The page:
House Votes to Expand Stem Cell Research
Bill Would Allow Federal Funding for New Embryonic Stem Cell Lines
WebMD News Archive
Argument Over Stem Cell Potential continued...
"After this vote today, I am going to be 100% minus two," he said. "Where I came down is, let's look at all the avenues."
Conservative Rep. Randy "Duke" Cunningham (R-Calif.) argued that research was the best use for embryos that would otherwise be discarded after being stored in clinics. "Those are embryos that we can use for stem cell research. This is an issue of life for me," he said.
Opponents have consistently complained that supporters oversell the promise of embryonic stem cells. They also argue that the research requires the taking of nascent human lives in the form of embryos.
"That is the essence of the experiment: Kill some in the hopes of saving others," said House Majority Leader Rep. Tom DeLay (R-Texas)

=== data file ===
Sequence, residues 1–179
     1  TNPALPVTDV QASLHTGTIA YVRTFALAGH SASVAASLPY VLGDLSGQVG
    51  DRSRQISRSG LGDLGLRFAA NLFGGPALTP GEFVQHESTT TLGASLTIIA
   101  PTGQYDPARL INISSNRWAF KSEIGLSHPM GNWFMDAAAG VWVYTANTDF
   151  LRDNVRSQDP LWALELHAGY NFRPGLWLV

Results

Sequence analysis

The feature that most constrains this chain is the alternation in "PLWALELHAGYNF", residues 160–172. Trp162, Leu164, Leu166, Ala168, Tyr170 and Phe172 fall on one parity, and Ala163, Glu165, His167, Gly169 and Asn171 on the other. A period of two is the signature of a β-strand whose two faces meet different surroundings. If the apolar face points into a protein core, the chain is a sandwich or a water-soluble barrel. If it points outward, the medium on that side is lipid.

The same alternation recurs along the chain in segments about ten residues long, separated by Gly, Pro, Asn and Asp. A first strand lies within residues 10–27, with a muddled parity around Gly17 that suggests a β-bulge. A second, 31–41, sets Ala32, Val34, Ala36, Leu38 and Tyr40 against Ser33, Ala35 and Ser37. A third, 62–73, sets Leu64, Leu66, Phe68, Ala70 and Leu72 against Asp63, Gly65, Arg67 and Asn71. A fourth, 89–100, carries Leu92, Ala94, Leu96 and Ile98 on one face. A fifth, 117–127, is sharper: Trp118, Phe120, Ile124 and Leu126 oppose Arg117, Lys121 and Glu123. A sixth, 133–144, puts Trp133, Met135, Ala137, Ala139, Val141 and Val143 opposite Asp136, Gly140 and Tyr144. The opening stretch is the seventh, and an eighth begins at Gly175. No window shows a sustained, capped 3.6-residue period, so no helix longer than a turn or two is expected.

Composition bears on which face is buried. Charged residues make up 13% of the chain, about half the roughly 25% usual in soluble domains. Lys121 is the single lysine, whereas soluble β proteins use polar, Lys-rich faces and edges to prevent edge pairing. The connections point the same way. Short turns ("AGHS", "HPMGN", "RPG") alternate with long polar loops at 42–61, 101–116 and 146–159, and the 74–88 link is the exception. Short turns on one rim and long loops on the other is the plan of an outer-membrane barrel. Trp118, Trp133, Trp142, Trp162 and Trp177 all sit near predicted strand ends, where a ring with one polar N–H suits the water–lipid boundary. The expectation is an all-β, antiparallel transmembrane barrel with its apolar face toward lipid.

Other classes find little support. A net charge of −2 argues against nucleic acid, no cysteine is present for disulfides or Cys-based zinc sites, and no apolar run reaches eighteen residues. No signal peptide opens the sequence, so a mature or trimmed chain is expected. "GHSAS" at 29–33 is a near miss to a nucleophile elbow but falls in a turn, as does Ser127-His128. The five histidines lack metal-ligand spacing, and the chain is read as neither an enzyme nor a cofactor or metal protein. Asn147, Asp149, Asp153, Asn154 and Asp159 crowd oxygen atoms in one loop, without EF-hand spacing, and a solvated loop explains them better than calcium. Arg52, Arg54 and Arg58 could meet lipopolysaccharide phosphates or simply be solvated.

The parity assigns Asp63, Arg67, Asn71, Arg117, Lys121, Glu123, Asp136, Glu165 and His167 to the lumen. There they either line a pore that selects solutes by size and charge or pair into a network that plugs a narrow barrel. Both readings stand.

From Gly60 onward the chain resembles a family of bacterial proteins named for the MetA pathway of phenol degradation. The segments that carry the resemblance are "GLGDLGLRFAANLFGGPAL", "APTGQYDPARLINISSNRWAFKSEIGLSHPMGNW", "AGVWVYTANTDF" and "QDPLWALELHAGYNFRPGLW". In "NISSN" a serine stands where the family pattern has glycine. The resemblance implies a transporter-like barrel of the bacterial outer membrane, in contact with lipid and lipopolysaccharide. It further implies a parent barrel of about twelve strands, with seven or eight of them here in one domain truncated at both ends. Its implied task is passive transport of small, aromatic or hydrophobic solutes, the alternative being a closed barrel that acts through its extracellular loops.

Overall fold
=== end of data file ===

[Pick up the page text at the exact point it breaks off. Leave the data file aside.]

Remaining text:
"Science tells us what we can do. Science does not tell us what we should do," said Rep. Daniel Lungren (R-Calif.).
What's Next for Stem Cell Legislation
The bill's fate remains unclear despite Tuesday's passage. The Senate has yet to act on an identical measure, though 58 of 100 senators signed a letter last year asking Bush to expand federal funding for experiments using embryonic stem cells.
Bush last Friday threatened to use the first veto of his presidency to block the bill if it reaches his desk. Bush repeated his opposition to the bill on Tuesday at an event honoring families whose children were once other couples' embryos.
"There is no such thing as a spare embryo. Every embryo is unique and genetically complete, like every other human being. These lives are not raw material to be exploited, but gifts," he said.
Sen. Orrin Hatch (R-Utah), a key supporter of embryonic stem cell research, tells WebMD that he would seek Senate action on the bill "by the end of the summer."
Lawmakers also overwhelmingly approved a measure providing $79 million over five years for a national umbilical cord blood database. Supporters said the money would make it easier for patients to access cord blood donations, which have shown some effectiveness in curing blood disorders. The bill also promotes cord blood research by automatically devoting donations unsuitable for transplant to scientific efforts.